TE Book Club
Temple Emanuel Book Club
2020-21 Titles and Dates
My Name is Asher Lev - (a play by Aaron Posner based on the novel by Chaim Potok.)
All God’s Children Need Traveling Shoes (1997) by Maya Angelou
It’s about her struggle between being both American and African, her feelings that she has no place in America with its racial inequality in the early 60’s, her decision therefore to move to Africa, her experiences there, and then her ultimate decision to return to America. I think as Americans and Jews with a Jewish homeland in Israel, it’s something we can relate to in addition to enjoying her unique perspective on her awareness of self and culture. Happy to lead the discussion if selected.
Educated (2018) by Tara Westover
Tara Westover is an American author living in the UK. Born in Idaho to a father opposed to public education, she never attended school. She spent her days working in her father's junkyard or stewing herbs for her mother, a self-taught herbalist and midwife. She was seventeen the first time she set foot in a classroom, and after that first taste, she pursued learning for the next decade. She received a BA from Brigham Young University in 2008 and was subsequently awarded a Gates Cambridge Scholarship. She earned an MPhil from Trinity College, Cambridge in 2009, and in 2010 was a visiting fellow at Harvard University. She returned to Cambridge, where she was awarded a PhD in history in 2014.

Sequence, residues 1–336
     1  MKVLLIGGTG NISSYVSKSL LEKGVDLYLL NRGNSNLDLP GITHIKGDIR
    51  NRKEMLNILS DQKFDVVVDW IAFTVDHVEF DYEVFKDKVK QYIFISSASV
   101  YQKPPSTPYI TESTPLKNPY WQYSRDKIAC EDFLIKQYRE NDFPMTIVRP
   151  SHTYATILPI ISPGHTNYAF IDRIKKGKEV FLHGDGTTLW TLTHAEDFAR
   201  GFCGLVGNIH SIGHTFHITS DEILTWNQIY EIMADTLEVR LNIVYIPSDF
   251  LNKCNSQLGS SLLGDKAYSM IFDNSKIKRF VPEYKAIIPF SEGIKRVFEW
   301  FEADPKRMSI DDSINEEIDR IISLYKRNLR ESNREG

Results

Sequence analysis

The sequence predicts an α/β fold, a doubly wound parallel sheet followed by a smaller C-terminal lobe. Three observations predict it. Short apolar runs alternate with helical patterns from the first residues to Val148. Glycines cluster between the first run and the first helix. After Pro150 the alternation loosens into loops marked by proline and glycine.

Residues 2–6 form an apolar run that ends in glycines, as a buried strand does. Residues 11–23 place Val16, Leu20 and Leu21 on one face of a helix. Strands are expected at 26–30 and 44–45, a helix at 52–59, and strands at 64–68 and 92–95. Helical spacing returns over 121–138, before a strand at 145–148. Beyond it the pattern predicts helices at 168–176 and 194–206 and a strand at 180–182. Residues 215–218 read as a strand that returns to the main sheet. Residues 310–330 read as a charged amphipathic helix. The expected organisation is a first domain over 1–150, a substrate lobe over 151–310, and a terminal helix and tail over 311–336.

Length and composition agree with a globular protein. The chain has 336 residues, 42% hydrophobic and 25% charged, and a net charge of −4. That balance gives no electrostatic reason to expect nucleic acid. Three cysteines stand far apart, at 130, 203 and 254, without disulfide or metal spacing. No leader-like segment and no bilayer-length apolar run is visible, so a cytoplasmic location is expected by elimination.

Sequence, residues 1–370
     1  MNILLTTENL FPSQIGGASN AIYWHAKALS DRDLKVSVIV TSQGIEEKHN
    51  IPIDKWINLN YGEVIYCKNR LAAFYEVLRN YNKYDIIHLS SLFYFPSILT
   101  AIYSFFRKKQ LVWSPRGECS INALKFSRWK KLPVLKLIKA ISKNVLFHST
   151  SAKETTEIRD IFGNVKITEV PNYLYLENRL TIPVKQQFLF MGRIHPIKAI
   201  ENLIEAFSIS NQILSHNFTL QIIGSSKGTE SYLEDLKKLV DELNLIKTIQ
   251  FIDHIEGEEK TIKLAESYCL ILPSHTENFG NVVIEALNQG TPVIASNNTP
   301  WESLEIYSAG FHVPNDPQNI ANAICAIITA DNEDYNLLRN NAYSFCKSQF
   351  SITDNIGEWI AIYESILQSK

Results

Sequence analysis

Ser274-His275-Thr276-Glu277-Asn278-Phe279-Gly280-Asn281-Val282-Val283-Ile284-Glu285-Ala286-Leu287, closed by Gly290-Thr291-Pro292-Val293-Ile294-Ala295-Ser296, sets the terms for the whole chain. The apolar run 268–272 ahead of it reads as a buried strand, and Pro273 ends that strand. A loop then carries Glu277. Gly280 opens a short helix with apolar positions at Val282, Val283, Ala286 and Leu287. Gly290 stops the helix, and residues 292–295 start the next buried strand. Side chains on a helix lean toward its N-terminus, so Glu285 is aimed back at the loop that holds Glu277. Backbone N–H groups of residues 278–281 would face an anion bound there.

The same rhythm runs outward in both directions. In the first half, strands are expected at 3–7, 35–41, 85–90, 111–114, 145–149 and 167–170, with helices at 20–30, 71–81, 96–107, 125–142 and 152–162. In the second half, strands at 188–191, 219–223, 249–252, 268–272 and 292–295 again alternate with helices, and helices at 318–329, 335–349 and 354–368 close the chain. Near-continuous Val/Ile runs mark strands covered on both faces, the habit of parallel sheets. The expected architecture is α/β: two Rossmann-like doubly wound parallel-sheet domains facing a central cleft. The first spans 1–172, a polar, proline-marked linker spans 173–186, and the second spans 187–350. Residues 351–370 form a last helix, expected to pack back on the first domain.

One Night, Markovitch (2012) by Ayelet Gundar-Goshen
Set in the years before the birth of Israel, during the British Mandate for Palestine and Nazi rule in Europe, the novel wears its period lightly. Eternal themes of love and longing, sex and marriage take priority. This is story-telling that feels instinctive, chasing characters into extreme situations. Reversals of fortune and the literary equivalent of handbrake turns follow one another furiously. Characters suffer and prosper in love, living, dying, hoping, despairing. Men and women smash together, scorching each other, sometimes fatally, with the intensity of their desires. Gundar-Goshen exerts reassuring control over her narrative, though, and confidently molds symmetries from it that are both moving and satisfying.
A Woman is No Man (2019) by Etaf Rum
Three generations of Palestinian-American women living in Brooklyn are torn between individual desire and strict mores of Arab culture in this powerful novel – a heart wrenching story of love, intrigue, courage and betrayal that will resonate with women from all backgrounds, giving voice to the silenced and to the oppressed.
The Alice Network (2017) by Kate Quinn
A female spy recruited to the real-life Alice Network in France during World War I and an unconventional American socialite searching for her cousin in 1947—are brought together in a mesmerizing story of courage and redemption.
1947. In the chaotic aftermath of World War II, American college girl Charlie St. Clair is pregnant, unmarried, and on the verge of being thrown out of her very proper family. She's also nursing a desperate hope that her beloved cousin Rose, who disappeared in Nazi-occupied France during the war, might still be alive. So when Charlie's parents banish her to Europe to have her "little problem" taken care of, Charlie breaks free and heads to London, determined to find out what happened to the cousin she loves like a sister.